Both SAT and ACT allow appeals.
For an appeal to be successful you will need to provide new information, such as a more detailed letter from your school’s disability coordinator explaining why the request is reasonable.
This is another reason to start the process early – you need to build in time for a potential appeal.
Accommodations will only be granted for professionally diagnosed disabilities.
ACT requires an evaluative report that is no more than three years old.
College Board will accept a report as old as five years.
I always recommend waiting until age 16 to update the psycho-educational testing report so that the tester can administer adult scale instruments.
This report will satisfy the documentation requirements for college disability offices and will carry the student through the college years.
While accommodations on the SAT and ACT are important, what really counts is having proper accommodations in place in college.
- Update the psycho-educational or neuropsychological report at age 16.
- Work with school disability coordinator to ensure that all necessary papers are in the student’s file.
- Talk with school disability coordinator about types of accommodations. Be aware that some schools are unfamiliar with the school-based testing option.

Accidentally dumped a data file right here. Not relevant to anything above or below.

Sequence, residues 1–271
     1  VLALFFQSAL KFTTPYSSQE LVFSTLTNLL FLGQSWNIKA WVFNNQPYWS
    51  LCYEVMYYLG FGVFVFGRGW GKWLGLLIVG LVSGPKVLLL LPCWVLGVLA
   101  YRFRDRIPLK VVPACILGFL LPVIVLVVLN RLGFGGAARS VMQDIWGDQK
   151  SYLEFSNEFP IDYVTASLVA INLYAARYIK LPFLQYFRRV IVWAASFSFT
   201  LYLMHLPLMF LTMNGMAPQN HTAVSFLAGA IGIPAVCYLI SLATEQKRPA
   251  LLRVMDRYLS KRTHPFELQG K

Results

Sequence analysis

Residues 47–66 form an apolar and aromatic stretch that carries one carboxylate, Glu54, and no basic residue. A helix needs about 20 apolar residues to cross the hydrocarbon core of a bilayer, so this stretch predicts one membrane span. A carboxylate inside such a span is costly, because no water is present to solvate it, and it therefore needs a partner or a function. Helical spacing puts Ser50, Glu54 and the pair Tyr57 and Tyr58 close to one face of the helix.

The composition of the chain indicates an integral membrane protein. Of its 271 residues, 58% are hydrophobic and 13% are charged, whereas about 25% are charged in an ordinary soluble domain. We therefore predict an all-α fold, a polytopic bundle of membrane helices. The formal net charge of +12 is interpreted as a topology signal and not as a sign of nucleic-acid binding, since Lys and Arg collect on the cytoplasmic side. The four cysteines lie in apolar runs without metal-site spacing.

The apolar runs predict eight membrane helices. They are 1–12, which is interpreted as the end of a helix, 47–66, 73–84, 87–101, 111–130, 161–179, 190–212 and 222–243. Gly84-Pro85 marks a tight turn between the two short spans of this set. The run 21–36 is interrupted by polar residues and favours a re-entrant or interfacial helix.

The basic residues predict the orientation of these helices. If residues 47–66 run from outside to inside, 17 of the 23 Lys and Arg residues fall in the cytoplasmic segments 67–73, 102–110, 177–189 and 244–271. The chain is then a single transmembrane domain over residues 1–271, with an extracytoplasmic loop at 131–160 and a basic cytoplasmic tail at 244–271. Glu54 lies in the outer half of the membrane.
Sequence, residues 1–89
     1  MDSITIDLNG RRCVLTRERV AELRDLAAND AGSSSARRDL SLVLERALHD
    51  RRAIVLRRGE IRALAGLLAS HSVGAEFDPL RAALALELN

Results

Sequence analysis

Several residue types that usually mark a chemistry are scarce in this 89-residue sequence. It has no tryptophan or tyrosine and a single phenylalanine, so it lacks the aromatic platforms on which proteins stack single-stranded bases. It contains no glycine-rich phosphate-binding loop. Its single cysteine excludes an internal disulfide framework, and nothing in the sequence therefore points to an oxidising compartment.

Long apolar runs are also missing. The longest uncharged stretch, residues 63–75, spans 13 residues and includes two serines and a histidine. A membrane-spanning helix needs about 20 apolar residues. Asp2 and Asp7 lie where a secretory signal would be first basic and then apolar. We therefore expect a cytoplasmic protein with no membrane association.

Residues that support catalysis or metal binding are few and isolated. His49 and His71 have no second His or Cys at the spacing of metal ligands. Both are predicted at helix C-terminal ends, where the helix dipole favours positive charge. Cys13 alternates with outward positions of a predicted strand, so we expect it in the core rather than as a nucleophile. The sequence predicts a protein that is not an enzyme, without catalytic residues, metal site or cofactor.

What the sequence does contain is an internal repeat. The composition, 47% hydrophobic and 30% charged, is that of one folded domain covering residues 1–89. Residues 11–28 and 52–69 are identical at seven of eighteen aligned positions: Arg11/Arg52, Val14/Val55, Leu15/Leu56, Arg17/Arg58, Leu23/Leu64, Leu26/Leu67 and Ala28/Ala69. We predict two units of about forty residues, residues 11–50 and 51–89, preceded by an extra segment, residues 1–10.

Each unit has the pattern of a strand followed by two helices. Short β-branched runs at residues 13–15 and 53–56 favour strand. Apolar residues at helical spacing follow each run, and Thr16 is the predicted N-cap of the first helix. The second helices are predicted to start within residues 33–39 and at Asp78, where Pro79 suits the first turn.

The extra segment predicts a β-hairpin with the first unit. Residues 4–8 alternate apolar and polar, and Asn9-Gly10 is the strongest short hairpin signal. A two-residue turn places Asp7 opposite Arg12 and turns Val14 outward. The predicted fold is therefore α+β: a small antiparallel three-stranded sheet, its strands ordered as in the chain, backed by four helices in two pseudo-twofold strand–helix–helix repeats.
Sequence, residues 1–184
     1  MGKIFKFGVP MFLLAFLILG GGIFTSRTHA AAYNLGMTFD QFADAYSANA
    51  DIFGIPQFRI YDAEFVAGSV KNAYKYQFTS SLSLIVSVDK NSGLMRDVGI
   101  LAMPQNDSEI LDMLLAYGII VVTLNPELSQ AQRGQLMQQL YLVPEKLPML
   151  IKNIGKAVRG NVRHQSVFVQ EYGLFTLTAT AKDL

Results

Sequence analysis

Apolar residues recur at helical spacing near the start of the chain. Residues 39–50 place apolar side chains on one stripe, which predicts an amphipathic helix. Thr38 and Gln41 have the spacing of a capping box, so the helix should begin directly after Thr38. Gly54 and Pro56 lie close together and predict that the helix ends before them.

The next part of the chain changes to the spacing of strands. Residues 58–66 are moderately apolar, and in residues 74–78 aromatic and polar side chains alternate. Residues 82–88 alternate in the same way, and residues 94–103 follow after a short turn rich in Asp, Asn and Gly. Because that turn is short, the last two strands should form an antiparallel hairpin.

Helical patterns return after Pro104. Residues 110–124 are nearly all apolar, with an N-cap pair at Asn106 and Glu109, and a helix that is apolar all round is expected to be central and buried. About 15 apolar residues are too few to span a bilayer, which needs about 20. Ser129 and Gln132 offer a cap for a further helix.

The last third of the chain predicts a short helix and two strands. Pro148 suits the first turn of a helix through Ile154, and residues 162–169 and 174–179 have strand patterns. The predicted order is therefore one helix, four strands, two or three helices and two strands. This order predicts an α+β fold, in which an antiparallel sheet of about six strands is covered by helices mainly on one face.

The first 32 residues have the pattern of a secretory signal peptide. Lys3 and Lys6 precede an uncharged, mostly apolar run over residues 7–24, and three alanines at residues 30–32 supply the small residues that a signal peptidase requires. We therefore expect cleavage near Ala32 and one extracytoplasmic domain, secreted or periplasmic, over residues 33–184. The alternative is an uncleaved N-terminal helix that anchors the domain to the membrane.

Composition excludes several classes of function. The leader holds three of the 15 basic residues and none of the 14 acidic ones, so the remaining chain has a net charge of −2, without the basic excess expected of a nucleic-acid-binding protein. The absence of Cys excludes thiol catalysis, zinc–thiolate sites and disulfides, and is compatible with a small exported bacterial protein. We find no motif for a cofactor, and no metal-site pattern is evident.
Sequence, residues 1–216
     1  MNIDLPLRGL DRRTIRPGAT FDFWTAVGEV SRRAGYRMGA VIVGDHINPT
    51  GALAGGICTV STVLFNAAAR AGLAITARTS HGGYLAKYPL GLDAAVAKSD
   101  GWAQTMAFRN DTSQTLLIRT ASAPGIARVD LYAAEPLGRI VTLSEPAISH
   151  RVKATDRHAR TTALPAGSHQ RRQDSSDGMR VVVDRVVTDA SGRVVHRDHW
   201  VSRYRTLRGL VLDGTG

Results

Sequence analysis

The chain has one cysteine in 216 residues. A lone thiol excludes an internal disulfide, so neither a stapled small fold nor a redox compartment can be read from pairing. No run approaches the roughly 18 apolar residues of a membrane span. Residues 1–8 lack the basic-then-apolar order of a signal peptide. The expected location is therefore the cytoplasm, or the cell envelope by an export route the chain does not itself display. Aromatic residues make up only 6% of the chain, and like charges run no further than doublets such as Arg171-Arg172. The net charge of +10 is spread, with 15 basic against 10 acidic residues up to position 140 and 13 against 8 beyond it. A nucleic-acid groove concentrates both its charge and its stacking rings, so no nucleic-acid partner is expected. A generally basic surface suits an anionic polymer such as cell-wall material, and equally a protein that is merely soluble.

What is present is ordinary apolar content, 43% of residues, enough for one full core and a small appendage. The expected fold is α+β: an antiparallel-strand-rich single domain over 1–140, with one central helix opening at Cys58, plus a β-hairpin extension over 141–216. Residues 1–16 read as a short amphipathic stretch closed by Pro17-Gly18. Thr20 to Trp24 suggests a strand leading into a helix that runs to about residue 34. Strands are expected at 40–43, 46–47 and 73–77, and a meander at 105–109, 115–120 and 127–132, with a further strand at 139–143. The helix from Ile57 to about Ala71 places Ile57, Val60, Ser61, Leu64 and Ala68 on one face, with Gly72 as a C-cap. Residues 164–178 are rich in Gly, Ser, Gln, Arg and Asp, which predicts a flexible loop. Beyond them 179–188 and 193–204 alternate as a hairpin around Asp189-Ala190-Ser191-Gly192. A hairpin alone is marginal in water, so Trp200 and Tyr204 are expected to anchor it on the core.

- Apply for College Board accommodations in grade 10
- Apply for ACT accommodations in the year you plan on taking the ACT.
- Allow at least 8 weeks for requests to be processed. I suggest applying in the fall for spring testing.
- Review and compare the accommodations approved by College Board and ACT to determine which is best for you.
- Prep for the chosen test using your accommodations.
- If you are approved for the audio version of the test, ask your school disability coordinator to order practice audio materials.
Finally, remember that testing is one piece of the college admission process.
In your college search you should identify colleges and universities that best meet and accommodate you learning needs.